China International Capital Corp., an investment bank, also predicted that banks will suffer because of narrower interest rate spreads. The industry’s profit may stagnate or even slip in 2015 compared with this year, it said in a research report.
Wen Bin, chief researcher at China Minsheng Bank, said banks will face a challenge in pricing deposits and loans. Some of them will lose money because the gap between the lending and maximum deposit interest rates will narrow to only 2.3 percentage points, he said.
In the long term, whether social financing costs would fall hinges more on the conditions of local government debt and companies’ profitability than changes to the benchmark interest rates, said Guan Qingyou, senior analyst with Minsheng Securities.
So, we have to look to credit writedowns to see whether this is stimulative. And the writedowns are saying it is not stimulative. According to official statistics, non-performing loans at Chinese banks are now at the highest since 2005 at 766.9 billion yuan (HK$968 billion), through Q3 2014. We should expect these numbers to continue to increase, even while the indebted subsidy increases, re-allocating capital away from new enterprises and small and medium-sized business.
In fact, according to the Ministry of Industry and Information Technology, the cost of funding for small- and medium-sized businesses increased 17.5 percent in the first half of 2014. Some SMEs are paying 30 percent interest for loans. Bank of Communication chief economist Lian Ping estimates the average cost of capital for SMEs in Shanghai is 18 percent, according to Australia’s Business Spectator.
To me, this indicates growth in China should continue to slow despite the injections of liquidity and rate cuts by the central bank. And remember, a strong dollar is a big problem for the Chinese because of the currency wars. At some point we may see the Renminbi weaken against the dollar if grow continues to slow.
The last data point comes from Markit. Global business confidence is now at a five-year low. And Markit has three big bullet points here:
- Activity expectations weaken among both manufacturers and service providers
- Hiring and investment plans at or near post – crisis lows
- Price expectations deteriorate further
In essence, Markit is saying businesses expect weak demand and are hiring less and spending less in capital investment as a result. And all of this is causing disinflation to continue our inexorable decline into deflation – very sobering stuff indeed.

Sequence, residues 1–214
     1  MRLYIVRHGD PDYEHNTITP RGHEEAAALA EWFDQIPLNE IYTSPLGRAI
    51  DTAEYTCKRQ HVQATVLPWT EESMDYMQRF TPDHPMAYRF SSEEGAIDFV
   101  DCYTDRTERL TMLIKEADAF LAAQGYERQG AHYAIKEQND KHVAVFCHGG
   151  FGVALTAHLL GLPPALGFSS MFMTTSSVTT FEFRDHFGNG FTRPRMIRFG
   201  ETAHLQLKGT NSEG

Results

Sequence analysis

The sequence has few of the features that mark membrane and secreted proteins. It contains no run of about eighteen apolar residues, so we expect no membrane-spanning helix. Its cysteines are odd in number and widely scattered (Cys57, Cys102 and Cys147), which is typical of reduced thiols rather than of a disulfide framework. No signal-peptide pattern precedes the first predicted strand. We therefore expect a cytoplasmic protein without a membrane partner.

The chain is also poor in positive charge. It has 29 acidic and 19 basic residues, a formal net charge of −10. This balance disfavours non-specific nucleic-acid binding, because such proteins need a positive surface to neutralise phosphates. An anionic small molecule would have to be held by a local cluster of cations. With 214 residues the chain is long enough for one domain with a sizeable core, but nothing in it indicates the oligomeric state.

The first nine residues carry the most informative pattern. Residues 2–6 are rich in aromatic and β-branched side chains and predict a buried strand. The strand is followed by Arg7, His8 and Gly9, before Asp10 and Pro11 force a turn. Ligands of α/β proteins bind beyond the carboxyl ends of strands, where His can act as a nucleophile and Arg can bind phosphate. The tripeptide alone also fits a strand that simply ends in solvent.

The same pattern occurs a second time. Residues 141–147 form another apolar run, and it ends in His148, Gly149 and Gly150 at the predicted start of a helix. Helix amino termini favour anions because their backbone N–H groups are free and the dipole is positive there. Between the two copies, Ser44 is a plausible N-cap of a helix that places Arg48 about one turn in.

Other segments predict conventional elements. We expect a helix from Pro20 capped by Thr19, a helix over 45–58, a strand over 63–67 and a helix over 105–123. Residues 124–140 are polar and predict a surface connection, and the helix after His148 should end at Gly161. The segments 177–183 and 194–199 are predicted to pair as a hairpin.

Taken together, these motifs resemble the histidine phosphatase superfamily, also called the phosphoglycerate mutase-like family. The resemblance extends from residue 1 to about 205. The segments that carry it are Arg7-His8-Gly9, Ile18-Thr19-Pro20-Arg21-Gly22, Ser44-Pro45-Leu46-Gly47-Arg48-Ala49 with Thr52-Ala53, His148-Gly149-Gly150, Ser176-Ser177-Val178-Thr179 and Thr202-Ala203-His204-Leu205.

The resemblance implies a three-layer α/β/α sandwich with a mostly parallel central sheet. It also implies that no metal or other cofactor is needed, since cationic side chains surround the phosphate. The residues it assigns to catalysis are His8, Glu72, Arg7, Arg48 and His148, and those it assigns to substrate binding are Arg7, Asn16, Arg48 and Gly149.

Note the nuances here:
Of all major countries surveyed, UK compani es remained the most upbeat about the year ahead, despite expectations about future activity levels dropping to the lowest since June of last year in both manufacturing and services sectors.
However, the most striking development was the extent of the down turn in the US , where optimism hit a new survey low, with the service sector seeing a particularly dramatic decline.
Optimism in the US nevertheless remained more buoyant than seen in the Eurozone and Japan , the latter suffering from especially weak confidence relative to other major countries as optimism slipped to the lowest for two years.
Optimism fell in the Eurozone to the weakest since June of last year. Relatively buoyant levels of business confidence in Spain and Italy were nonetheless the lowest re corded since this time last year and the start of 2014 respectively. Confidence was far lower in Germany and especially France by comparison, with both ‘core’ countries seeing the lowest levels of optimism since June of last year.
Business expectations across the main emerging markets fell on average to the lowest seen in the survey’s five – year history, though trends varied by country. Russia saw the weakest optimism, with expectations for business activity in the year ahead diving to a new survey low. Confidence in China picked up slightly from the near – record low seen in the summer, though remained subdued compared to prior years. Optimism in India was meanwhile unchanged, though also remained weak by historical standards.
I would note separately that Andy Lees at Macro Strategy Partnership says that “Brazilian consumer confidence plunged to 95.3 in November from 101.5. It was the lowest reading since the height of the crisis in December 2008”. He also says companies in Brazil shed over 30,000 jobs in October. This speaks to the depth of the global growth slowdown, especially in emerging markets.
- I expect the US to have a good quarter on the retail front. But I expect the capital expenditure decline in the oil patch to have a negative impact on numbers, some of which will not be reflected in the data until revisions.
- Europe, while weak, will benefit from more disposable income for consumers and will bounce somewhat from the bottom, with Ireland, Spain and Germany showing noticeable upticks.
- EM will suffer because China’s stimulus will not be nearly enough to overcome the ill winds blowing from housing and souring loans, while the policy effect will skew capital to dead wood zombie companies as SMEs remained starved for capital.
- If all of this plays out as expected, oil prices are still at risk of falling further, perhaps to as low as $60 a barrel, at which point the oil dividend evaporates and the capital market volatility will be the defining element. What we want to see is oil at $75-80 a barrel and no lower. That would be the best case scenario for arresting the global growth slowdown.